Table 2 illustrated the two-way ANOVA comparison (interactive effect) of rearing systems and specific meat cuts on various physicochemical parameters in Muscovy ducks. As the main effect, thigh meat has a higher lightness value than breast meat (p = 0.006) but the redness value is higher in breast meat over thigh meat (p = 0.018), irrespective of rearing systems. Based on the rearing system effect, the semi-intensive management system supported higher meat redness (p = 0.005) whilst the extensive management system supported higher yellowness (p = 0.031) than their counterparts. The average pH value of duck meat in the present study is 6.29 (ranged from 6.07 to 6.57). As the main effect, the extensive management system generated higher pH than the semi-intensive management system (p < 0.001) and thigh muscles had a higher pH value than breast muscles (p = 0.005) regardless of the rearing system. The WHC of the duck meat obtained from semi-intensive management was higher than those obtained from the extensive management system by 12.1% (81.3 versus 72.5%, p = 0.006), regardless of meat cut. There was 2.6% more water content in thigh meat than in breast meat (78.1 versus 76.1%, p = 0.035) which was not influenced by the rearing system. Cooking loss of duck meat from extensive system was higher than that of semi-intensive system. Whereas the meat cuts concern, thigh meat shown higher cooking lost than breast meat irrespective of rearing system.

There was a rearing system and meat-cut interaction effect (p = 0.023) found on fat concentration in the meat where fat content in thigh muscle decreased by 16.0% compared to breast muscle under the semi-intensive management system (7.36 versus 8.76 g/kg) but did not alter under the extensive management system.

Rearing systems influenced the protein content in meat (p = 0.008) where extensive management system supported higher protein content over semi-intensive management system by 21.5% (17.5% versus 14.4%).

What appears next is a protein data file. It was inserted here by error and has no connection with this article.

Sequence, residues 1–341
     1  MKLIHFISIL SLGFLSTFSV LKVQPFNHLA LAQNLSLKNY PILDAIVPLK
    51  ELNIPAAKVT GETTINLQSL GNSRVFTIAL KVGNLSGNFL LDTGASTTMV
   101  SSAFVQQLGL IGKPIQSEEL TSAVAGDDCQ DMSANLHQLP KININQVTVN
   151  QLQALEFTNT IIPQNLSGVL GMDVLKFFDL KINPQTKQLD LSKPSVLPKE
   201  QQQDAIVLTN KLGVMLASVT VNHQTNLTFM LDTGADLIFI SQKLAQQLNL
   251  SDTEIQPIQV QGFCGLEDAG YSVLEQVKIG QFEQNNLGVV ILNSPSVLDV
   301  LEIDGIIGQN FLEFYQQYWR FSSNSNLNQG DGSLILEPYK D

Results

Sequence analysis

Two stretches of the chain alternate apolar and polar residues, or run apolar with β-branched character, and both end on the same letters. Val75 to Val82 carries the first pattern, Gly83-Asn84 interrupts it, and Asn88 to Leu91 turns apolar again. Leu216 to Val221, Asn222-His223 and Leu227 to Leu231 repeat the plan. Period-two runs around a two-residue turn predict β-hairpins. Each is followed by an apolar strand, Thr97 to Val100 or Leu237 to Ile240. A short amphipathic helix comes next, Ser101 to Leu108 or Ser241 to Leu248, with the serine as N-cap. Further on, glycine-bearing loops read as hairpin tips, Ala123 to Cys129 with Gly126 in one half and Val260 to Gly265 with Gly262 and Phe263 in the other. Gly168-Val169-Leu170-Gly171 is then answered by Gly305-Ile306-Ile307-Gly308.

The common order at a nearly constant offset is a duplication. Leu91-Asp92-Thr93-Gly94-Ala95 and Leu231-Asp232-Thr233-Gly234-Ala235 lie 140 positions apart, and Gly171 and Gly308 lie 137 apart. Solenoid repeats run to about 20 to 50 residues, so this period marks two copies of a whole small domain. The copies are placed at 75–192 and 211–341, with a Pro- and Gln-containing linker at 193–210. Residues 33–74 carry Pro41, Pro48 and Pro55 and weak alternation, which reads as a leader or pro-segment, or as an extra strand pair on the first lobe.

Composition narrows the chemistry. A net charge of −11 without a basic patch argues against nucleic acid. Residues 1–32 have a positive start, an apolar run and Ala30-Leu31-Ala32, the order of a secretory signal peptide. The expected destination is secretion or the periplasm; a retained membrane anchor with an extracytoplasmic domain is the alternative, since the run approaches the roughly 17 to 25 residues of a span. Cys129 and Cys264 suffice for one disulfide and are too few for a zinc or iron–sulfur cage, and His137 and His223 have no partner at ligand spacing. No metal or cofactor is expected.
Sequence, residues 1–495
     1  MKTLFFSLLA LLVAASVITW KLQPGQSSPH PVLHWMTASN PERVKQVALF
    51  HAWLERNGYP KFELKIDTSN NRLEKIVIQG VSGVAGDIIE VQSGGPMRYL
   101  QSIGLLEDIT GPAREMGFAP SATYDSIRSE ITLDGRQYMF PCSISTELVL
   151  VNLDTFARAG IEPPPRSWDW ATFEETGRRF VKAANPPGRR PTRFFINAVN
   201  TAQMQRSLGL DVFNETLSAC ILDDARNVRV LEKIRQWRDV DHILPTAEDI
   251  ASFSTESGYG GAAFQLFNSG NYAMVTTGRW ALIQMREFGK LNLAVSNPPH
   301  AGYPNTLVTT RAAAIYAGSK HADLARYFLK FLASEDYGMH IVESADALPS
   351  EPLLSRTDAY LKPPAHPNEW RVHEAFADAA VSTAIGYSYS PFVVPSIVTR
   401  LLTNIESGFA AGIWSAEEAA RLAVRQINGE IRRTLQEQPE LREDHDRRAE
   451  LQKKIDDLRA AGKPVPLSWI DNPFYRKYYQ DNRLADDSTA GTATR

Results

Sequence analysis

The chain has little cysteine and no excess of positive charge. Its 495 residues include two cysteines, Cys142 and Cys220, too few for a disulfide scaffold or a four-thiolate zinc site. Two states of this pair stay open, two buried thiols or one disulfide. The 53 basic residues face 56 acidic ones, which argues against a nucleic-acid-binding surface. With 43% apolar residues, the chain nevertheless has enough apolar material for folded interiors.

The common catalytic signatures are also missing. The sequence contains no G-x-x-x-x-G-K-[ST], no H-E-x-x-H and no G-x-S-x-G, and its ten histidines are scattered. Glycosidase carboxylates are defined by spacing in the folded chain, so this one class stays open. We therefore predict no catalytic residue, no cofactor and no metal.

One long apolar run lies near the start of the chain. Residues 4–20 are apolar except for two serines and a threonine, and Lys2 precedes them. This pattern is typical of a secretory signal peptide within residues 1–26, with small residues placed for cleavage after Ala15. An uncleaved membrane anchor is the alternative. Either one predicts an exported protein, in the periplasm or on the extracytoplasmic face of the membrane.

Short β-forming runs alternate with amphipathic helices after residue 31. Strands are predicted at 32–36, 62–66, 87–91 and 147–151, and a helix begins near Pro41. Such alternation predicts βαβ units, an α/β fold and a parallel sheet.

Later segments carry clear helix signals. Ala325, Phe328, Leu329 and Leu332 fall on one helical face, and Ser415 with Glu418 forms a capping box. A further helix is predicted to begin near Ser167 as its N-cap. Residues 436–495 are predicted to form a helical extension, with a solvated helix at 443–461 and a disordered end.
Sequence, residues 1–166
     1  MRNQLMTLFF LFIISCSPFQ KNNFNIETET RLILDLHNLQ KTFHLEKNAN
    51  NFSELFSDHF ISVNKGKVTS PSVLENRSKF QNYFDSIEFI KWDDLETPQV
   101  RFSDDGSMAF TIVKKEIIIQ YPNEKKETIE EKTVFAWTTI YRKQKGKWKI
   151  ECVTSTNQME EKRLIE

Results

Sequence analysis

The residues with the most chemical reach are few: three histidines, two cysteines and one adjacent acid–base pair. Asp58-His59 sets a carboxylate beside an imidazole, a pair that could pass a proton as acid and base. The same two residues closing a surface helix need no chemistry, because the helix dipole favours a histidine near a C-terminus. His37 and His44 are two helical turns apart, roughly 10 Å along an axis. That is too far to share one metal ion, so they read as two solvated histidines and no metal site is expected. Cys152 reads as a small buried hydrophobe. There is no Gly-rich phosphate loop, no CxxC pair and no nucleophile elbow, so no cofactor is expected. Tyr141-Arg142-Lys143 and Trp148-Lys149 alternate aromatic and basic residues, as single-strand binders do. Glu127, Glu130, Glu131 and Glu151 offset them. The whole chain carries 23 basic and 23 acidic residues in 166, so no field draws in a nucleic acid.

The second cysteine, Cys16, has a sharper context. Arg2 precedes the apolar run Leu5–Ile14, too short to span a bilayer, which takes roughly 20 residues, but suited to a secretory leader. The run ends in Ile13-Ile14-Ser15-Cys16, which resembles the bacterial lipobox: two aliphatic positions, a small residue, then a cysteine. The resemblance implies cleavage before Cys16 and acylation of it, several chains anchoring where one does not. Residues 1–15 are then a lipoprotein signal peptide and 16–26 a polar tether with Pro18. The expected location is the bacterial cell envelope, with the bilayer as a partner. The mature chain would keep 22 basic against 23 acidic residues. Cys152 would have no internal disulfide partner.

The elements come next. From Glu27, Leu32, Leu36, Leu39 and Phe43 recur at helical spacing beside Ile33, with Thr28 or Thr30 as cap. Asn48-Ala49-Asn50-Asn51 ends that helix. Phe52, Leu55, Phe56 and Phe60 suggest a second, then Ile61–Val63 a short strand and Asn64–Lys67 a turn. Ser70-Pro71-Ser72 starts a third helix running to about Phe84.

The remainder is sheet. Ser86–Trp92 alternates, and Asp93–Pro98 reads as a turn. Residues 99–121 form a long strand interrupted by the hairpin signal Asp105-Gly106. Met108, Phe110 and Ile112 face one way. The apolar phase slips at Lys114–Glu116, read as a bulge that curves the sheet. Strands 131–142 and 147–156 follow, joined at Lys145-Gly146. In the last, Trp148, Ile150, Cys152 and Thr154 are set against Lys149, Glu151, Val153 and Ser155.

Sensory analysis

The results of the sensory evaluations of the breast and thigh meat of Muscovy ducks are given in Fig. 1 and Fig. 2, respectively. Odor, flavor, juiciness, taste, tenderness, and overall acceptability of breast meat were affected (p < 0.05) by the rearing system while no significant difference in color (p = 0.144) was observed.

Fig. 1. Web diagram of sensory evaluation of Muscovy duck breast meat.
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Fig. 2. Web diagram of sensory evaluation of Muscovy duck thigh meat.
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The sensory results of thigh meat showed that consumers did have a higher preference (p < 0.05) for the meat obtained from the extensive management system over the meat from the semi-intensive management system based on odor, flavor, juiciness, taste, tenderness, and overall acceptability. There was no significant difference observed (p > 0.05) between management systems for acceptability concerning thigh meat color.


Live weights and internal organ weights

Fig. 1. Web diagram of sensory evaluation of Muscovy duck breast meat. Fig. 2. Web diagram of sensory evaluation of Muscovy duck thigh meat. In the present study, ducks reared in a semi-intensive management system have higher body weights than ducks reared in an extensive management system at 18 wk of age. These outcomes on live weights could be attributed to different management and environmental conditions in the two farming systems. For instance, nutrient density in feed, feed composition, stress factors, microclimatic conditions, and animal activities are dependent on the rearing system [2,1012]. Similarly, it has been reported that Muscovy ducks reared under three types of management systems gave significantly different weight gains at 14 wk of age [12], and Abo Ghanima et al. [13], reported that four different housing systems influenced the growth performance in Pekin ducks. It is obvious that ducks reared in an extensive management system had more land area to peck, walk, run and perform their natural behaviors than those reared in a semi-intensive management system; this is likely to be subjected to high energy expenditure that might be limited their growth [14]. Similar outcomes were reported in the literature that the ducks and chickens reared under extensive management systems had lower body weights and feed efficiency compared to semi- and fully- intensive type farming systems [1518].